Workshop: Case Study - Leonard Cheshire plays the time card

Francois Le Goff


Background: In January this year, the Government consulted with stakeholders involved in transport and disability issues to propose changes to Part Five of the Discrimination Disability Act.

Part Five of the Act sets minimum technical requirements to ensure that public transport is accessible to disabled people. In 1998, the Rail Vehicle Accessibility Regulations were introduced to make sure that new trains would be accessible to all. But this only applied to trains introduced after 31 December 1998 and, unlike similar regulations for buses and coaches, no date was fixed to phase out old trains.

Following the consultation process and a period of research, the Government suggested 2035 as the most realistic date for extending the law to include trains. Disappointed by the Government's proposal, disability care charity Leonard Cheshire decided to launch 'All Aboard!', a campaign to bring train legislation in line with the 2017 deadline for buses.

Objectives: The campaign was based on Mind the Gap, a September 2003 report arguing that many disabled people miss out on work opportunities and have a limited social life because the transport system is inadequate. While the report aimed to make MPs aware of the problems faced by disabled travellers, 'All Aboard!' sought to raise public awareness. The public was urged to pressure the Government to bring forward the date set for the phasing out of all inaccessible trains.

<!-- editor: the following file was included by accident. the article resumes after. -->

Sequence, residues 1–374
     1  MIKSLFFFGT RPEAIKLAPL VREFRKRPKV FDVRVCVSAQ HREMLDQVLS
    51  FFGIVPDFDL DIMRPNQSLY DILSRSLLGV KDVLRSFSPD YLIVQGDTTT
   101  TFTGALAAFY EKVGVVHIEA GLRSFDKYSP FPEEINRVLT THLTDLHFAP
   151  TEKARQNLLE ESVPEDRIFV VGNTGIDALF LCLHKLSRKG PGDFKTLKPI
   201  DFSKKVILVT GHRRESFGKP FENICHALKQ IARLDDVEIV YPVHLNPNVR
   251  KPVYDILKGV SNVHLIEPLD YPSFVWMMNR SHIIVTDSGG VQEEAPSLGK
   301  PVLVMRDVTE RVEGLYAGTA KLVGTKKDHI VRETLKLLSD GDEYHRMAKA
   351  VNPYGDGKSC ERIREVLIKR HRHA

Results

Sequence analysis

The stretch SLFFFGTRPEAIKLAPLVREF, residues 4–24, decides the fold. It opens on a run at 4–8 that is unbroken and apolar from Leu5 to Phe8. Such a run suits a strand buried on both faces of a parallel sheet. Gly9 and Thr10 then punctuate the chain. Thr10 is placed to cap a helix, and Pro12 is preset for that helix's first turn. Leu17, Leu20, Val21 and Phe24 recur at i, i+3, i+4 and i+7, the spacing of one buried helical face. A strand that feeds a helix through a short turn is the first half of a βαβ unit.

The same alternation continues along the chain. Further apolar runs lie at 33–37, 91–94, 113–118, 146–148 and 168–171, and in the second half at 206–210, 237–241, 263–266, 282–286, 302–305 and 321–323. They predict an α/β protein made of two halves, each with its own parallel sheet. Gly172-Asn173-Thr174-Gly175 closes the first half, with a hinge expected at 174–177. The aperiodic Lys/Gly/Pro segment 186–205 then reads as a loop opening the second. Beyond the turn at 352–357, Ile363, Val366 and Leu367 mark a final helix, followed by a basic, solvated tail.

How it worked Leonard Cheshire produced 30,000 postcards that were distributed to the charity's 152 services across the UK including residential care homes, day-care centres and independent living units. They were also inserted into in-house magazines such as Choice and Campus, and other professional publications such as Disability Now. The postcards displayed a simple image with the message 'Missed your train? Would you wait 30 years for the next one?'. The postcards then invited people to tell their MPs how old they would be in 2035. Time and resources were extremely limited as the charity wanted MPs to receive the postcards before the Joint Parliamentary Committee publishes its recommendations for the Draft Disability Bill at the end of April.

At the end of March, the charity's disabled head of policy John Knight handed the postcards to the Chair of the Commons Transport Select Committee, Gwyneth Dunwoody, on College Green after arriving in a horse drawn hearse displaying the message 'Died waiting for a train. R.I.P.'

Disabled people walked alongside the hearse with banners with slogans such as 'I'll be dead before I can get on a train'.

Results: Leonard Cheshire received more than 3,000 replies from the public.

The postcards could also be completed online and the campaign received coverage from a range of media including the ITV's GMTV.

The campaign is still in full swing, but there are indications that the Department of Transport will call for further consultation on the issue following a meeting with the Joint Committee on the Draft Disability Bill on 31 March.

Leonard Cheshire is extremely disappointed by this delay. "Given the Government's recent disappointing suggestion of further consultation, it remains to be seen whether such time-limited campaigns can affect change in Government policy," said Jo Campion, policy and campaigns manager at Leonard Cheshire.

However, the charity remains hopeful that increased public concern will influence the Committee before it publishes its recommendations.

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